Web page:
Cupcakes & conversation with Anna Blackwell, Apprentice, Northern Ballet
What motivates you at 8am on a Monday morning ?
A strong coffee usually wakes me up with a good breakfast and a brisk walk to work. Once I’m in work I try and make the most of the morning, I like to get a good warm up in before class. Once I’m in the studio it’s easy to feel motivated – there’s a really nice atmosphere in class and I enjoy the responsibility that comes with being a professional dancer and taking control of your own training.
What are you looking forward to dancing in 2010 ?
2010 seems to be another busy year for NBT. In the near future we will be doing ‘As time goes by’ and ‘Angels in the Architecture’ and several other short works including the ‘Powerhouse Rhumba’ which David choreographed for the 40th anniversary event. This is particularly special, as it was a celebration of the Company where it is today so being involved as a new member was an honour. The way it was choreographed was a great experience too – we had the chance to play around with the movement so it was a little more personal and specific to our styles. We will also be doing Romeo and Juliet. This is such an exciting prospect – the drama of the story really draws everybody into it and it is so important that everybody on stage is in the moment to give it its authenticity and sentiment. I’ve been to see Romeo and Juliet in the past numerous times and so being a part of it is really special.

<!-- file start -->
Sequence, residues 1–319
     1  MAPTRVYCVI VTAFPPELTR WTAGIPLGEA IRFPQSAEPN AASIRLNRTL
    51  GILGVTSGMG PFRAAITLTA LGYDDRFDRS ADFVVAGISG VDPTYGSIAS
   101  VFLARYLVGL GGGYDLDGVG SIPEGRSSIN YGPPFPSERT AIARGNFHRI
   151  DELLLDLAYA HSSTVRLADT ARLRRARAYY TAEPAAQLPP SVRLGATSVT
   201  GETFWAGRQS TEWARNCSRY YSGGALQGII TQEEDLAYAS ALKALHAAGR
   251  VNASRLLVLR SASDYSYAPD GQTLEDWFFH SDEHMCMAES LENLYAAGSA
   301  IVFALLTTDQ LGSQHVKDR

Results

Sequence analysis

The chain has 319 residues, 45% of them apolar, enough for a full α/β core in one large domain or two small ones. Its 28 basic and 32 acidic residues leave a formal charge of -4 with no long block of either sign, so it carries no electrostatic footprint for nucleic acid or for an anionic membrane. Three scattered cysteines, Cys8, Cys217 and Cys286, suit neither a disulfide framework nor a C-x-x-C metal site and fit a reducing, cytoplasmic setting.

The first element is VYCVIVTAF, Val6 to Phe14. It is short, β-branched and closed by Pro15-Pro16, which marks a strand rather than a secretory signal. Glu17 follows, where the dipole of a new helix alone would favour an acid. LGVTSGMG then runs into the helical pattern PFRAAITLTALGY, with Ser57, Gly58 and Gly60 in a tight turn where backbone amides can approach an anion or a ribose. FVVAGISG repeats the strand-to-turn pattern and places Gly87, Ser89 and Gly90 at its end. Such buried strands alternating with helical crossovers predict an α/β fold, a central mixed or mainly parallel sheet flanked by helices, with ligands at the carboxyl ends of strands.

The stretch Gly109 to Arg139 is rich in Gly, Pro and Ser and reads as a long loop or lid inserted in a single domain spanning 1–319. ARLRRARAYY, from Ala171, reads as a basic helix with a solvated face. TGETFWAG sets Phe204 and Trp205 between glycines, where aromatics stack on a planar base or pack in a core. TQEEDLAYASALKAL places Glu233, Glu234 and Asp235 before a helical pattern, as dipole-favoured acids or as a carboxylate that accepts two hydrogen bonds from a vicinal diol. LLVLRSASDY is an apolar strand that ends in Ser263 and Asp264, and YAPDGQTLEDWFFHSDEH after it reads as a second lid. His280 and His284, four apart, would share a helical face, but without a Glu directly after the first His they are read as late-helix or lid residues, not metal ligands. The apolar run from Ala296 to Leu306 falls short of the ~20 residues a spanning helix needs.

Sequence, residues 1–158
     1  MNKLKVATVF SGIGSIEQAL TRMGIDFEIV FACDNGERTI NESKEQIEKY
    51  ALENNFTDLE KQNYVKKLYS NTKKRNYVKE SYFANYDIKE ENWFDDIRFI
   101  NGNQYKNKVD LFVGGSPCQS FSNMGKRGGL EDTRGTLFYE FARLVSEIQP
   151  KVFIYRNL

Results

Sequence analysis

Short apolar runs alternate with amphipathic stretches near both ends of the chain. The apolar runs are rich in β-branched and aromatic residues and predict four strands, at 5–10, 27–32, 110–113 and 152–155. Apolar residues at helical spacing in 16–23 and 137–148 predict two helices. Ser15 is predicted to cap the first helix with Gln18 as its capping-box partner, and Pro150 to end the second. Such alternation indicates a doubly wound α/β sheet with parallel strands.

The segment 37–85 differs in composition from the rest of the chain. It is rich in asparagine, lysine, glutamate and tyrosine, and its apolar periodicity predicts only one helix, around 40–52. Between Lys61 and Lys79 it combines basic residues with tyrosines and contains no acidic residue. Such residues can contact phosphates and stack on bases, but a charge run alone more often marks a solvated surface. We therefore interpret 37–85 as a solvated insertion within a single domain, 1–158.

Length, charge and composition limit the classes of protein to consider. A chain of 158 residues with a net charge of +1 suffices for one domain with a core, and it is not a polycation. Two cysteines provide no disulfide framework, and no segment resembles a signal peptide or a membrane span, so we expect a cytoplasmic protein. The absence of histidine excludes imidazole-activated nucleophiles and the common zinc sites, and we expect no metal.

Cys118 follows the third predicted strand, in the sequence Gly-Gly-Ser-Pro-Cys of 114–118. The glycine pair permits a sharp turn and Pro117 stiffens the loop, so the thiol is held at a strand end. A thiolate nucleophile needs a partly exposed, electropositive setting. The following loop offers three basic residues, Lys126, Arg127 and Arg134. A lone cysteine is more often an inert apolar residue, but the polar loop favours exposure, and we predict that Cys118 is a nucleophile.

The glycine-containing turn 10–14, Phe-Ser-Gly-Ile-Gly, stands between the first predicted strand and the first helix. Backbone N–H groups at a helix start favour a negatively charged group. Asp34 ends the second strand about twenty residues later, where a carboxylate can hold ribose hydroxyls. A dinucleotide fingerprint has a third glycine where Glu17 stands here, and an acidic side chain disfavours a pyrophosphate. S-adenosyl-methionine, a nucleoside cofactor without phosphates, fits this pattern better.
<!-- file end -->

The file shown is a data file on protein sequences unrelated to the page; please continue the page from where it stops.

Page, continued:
Who would you most like to dance with & what would you dance?
I saw Rambert Dance Company perform a section A Linhna Curva a while ago at Sadlers Wells, which was incredible. I also remember seeing Dutch National perform The Second Detail and Impressing the Czar (both Forsythe pieces). They are such breathtaking ensemble pieces, I can imagine the energy is incredible on stage and certainly resonates to the audience. My dream would be to perform Juliet, it’s such a demanding role and so emotional and you get the chance to change from a young innocent girl to a woman driven by love over the course of a couple of hours! I would also love to dance with my close friend – James. It was wonderful having the chance to in school and I think the experience is so special with someone you are close to!
If you could dance anywhere in the world (not only in a theatre), where would you dance?
Anywhere really! I love to travel and hope to get the chance to in the future. I’ve always liked the thought of performing on an open air stage – I remember English National Ballet did a performance on a stage set up over water in front of the Chateau of Versailles in France, which I can imagine looked stunning in the evening!
How do you prepare your pointe shoes?